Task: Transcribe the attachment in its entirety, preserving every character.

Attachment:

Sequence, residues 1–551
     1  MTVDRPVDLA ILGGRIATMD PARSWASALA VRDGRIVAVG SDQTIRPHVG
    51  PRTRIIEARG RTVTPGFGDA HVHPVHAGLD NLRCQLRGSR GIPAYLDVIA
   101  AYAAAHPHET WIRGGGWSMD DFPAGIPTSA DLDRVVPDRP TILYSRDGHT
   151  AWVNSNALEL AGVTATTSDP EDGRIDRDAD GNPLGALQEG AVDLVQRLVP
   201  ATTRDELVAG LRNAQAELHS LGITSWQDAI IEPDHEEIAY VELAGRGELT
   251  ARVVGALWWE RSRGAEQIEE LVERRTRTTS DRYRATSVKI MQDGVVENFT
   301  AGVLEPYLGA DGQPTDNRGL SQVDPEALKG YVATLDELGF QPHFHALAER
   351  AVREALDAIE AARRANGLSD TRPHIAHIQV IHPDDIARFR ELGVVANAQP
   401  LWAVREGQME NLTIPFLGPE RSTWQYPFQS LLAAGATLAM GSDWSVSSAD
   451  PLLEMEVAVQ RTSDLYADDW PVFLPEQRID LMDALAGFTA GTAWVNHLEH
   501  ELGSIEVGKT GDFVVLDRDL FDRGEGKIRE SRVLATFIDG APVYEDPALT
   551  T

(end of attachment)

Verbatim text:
Sequence, residues 1–551
     1  MTVDRPVDLA ILGGRIATMD PARSWASALA VRDGRIVAVG SDQTIRPHVG
    51  PRTRIIEARG RTVTPGFGDA HVHPVHAGLD NLRCQLRGSR GIPAYLDVIA
   101  AYAAAHPHET WIRGGGWSMD DFPAGIPTSA DLDRVVPDRP TILYSRDGHT
   151  AWVNSNALEL AGVTATTSDP EDGRIDRDAD GNPLGALQEG AVDLVQRLVP
   201  ATTRDELVAG LRNAQAELHS LGITSWQDAI IEPDHEEIAY VELAGRGELT
   251  ARVVGALWWE RSRGAEQIEE LVERRTRTTS DRYRATSVKI MQDGVVENFT
   301  AGVLEPYLGA DGQPTDNRGL SQVDPEALKG YVATLDELGF QPHFHALAER
   351  AVREALDAIE AARRANGLSD TRPHIAHIQV IHPDDIARFR ELGVVANAQP
   401  LWAVREGQME NLTIPFLGPE RSTWQYPFQS LLAAGATLAM GSDWSVSSAD
   451  PLLEMEVAVQ RTSDLYADDW PVFLPEQRID LMDALAGFTA GTAWVNHLEH
   501  ELGSIEVGKT GDFVVLDRDL FDRGEGKIRE SRVLATFIDG APVYEDPALT
   551  T